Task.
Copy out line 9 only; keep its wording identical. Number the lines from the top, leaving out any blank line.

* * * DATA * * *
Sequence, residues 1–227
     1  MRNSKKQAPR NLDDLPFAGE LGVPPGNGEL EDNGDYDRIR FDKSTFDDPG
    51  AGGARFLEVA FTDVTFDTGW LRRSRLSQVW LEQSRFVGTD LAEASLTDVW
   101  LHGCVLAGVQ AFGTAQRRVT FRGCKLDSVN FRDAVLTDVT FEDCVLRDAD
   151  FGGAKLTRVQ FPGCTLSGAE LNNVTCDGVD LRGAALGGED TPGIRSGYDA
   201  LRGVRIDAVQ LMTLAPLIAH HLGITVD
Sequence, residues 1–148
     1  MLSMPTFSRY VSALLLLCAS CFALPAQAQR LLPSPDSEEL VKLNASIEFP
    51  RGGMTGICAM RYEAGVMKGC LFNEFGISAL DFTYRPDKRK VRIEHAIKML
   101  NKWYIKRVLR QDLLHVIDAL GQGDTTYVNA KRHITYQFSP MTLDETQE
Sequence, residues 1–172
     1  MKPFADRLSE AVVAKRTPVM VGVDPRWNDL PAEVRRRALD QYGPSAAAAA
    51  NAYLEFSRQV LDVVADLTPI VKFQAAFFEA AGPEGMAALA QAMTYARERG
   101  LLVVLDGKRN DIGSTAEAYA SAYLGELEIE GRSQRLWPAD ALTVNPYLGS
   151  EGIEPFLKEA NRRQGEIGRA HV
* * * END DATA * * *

    51  RGGMTGICAM RYEAGVMKGC LFNEFGISAL DFTYRPDKRK VRIEHAIKML